MOSCOW (Sep. 28)
Lithuania has observed its annual commemoration of Holocaust victims by honoring Christians who risked their lives to save Jews during World War II.
Lithuanian President Algirdas Brazauskas last week decorated 27 Lithuanians with the Life Rescuer Cross, which was established in 1992, soon after Lithuania gained its independence from the Soviet Union.
The commemoration came amid ongoing tension over Lithuania’s role during the Nazi occupation.
The Israeli ambassador to Lithuania, Oded Ben Hur, recently sparked controversy when, in a speech to the Lithuanian Parliament, he criticized the Baltic country for not vigorously prosecuting its war criminals.
In an apparent response to Ben Hur’s remarks, a Lithuanian extremist group recently demanded that Jews working in governmental institutions be fired and that the Israeli ambassador to the Baltic country be declared persona non grata.
The group publicized its statement in a leading daily newspaper, Kauno Diena, which is published in Kaunas, Lithuania’s second largest city.
The Lithuanian Freedom Union said its statement was prompted by a desire to put an end to accusations that Lithuanians are a “nation of murderers of Jews.”
It also urged that the Jewish community of Lithuania demand that Israel extradite to Lithuania former Jewish collaborators of the KGB who “carried out genocide against the Lithuanian people” and stressed that it would take action unless the Jewish community does not adequately rebuff “all these phenomenal [speeches] coming from Israel.”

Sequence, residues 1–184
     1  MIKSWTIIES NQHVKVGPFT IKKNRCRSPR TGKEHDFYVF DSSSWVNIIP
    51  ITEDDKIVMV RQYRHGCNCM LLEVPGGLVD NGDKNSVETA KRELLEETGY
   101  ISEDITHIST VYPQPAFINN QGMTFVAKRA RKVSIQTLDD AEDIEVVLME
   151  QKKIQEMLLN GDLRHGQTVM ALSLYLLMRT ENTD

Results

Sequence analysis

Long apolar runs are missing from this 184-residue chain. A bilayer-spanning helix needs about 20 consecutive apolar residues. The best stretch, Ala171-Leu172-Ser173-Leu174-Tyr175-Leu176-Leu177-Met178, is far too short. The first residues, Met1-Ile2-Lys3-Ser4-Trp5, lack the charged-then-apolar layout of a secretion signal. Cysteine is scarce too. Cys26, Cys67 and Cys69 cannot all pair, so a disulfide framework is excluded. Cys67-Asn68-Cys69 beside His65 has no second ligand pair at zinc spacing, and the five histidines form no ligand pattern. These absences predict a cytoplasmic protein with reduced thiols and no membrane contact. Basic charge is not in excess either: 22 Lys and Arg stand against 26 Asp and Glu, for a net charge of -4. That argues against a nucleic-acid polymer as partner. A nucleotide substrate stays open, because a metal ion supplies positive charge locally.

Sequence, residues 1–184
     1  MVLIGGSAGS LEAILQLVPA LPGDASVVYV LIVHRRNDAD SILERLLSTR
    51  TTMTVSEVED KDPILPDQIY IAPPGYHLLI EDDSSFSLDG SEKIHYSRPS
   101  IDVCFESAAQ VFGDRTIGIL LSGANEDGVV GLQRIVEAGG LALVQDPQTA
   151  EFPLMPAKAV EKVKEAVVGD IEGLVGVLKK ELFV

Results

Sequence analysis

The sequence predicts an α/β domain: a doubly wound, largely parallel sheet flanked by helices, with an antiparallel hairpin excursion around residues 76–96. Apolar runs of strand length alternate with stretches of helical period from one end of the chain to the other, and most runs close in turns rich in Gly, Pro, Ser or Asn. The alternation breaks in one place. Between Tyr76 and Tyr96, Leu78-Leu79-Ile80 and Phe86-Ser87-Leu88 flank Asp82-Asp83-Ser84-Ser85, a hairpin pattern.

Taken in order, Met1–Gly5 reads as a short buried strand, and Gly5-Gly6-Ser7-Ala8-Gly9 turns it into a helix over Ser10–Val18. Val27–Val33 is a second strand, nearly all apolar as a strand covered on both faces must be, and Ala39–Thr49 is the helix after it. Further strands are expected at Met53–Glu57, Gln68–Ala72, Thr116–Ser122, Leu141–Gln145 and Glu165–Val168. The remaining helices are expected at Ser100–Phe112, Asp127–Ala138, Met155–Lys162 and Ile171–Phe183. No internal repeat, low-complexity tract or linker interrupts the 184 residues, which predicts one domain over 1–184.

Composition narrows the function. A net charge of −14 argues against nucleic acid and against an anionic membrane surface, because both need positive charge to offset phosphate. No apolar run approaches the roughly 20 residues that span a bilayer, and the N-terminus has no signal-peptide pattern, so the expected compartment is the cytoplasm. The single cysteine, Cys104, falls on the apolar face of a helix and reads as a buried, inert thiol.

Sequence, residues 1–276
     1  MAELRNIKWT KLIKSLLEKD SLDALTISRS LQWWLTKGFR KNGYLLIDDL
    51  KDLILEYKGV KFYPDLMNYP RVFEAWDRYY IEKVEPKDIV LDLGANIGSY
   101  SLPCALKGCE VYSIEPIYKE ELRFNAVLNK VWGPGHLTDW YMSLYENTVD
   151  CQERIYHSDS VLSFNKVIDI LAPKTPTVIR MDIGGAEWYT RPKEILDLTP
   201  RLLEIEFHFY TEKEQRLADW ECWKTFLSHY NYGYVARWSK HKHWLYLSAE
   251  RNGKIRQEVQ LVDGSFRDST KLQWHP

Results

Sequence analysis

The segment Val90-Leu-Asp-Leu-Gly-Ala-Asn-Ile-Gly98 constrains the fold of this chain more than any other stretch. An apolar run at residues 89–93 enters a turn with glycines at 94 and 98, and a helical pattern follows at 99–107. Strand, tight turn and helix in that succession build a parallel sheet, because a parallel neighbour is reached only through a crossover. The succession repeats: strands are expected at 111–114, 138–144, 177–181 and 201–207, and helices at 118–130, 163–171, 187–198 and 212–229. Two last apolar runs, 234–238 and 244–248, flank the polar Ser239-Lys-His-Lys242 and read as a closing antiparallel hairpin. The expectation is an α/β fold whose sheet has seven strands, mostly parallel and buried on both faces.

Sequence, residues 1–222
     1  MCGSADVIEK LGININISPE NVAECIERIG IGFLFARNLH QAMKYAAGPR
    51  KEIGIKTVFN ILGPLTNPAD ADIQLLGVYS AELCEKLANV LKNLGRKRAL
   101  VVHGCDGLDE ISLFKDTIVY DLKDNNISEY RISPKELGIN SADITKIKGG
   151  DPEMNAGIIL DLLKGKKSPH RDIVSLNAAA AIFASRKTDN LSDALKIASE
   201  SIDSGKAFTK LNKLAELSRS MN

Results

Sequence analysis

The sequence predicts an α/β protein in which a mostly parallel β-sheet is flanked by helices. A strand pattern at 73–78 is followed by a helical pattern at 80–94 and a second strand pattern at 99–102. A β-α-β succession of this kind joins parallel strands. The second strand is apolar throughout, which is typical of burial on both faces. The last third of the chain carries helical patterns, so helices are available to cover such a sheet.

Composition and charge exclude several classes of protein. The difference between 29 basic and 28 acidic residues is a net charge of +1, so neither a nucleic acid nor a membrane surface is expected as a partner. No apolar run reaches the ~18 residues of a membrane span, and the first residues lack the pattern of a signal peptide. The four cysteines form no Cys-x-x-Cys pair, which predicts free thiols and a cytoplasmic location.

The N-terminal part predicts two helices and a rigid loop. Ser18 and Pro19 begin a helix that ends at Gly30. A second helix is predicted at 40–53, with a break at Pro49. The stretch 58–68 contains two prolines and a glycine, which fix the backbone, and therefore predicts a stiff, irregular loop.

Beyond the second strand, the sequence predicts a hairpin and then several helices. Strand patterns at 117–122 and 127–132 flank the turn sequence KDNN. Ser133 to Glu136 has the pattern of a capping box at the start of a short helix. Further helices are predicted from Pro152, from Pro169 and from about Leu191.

During World War II, Nazis backed by Lithuanian collaborators exterminated virtually the entire local Jewish population, wiping out 94 percent of a prewar community that numbered 250,000. Some 50,000 Lithuanians who were convicted as war criminals by Soviet courts were exonerated by the Baltic nation after it gained independence in 1991. Among those pardoned were people who allegedly helped the Nazis kill Jews.
Holocaust survivors, American Jewish leaders and the Lithuanian Jewish community have called upon the Lithuanian government to reverse the pardons.
Lithuania announced last week that it had posthumously annulled pardons granted to five of the alleged war criminals.
Earlier this month, the Lithuanian Supreme Court annulled one of the pardons for the first time.
That pardon was also annulled posthumously.
Chief prosecutor Kazimieras Kavarskas said recently that another 200 pardons will be re-examined soon.
The 27 recipients of the Life Rescuer Cross award bring the total number of Lithuanians who have received the award to approximately 150. More than 300 Lithuanians have been recognized as Righteous Gentiles by the Yad Vashem Holocaust memorial in Jerusalem.
According to Viktorija Sakaite, an employee with the Jewish Museum located in the Lithuanian capital of Vilnius, the museum has collected information about 2,300 Lithuanians who rescued Jews from the Nazis and will soon publish the first volume of a projected 10-volume series telling their stories.
The commemoration occurred on Sept. 23, the 54th anniversary of the liquidation of the Vilna Ghetto.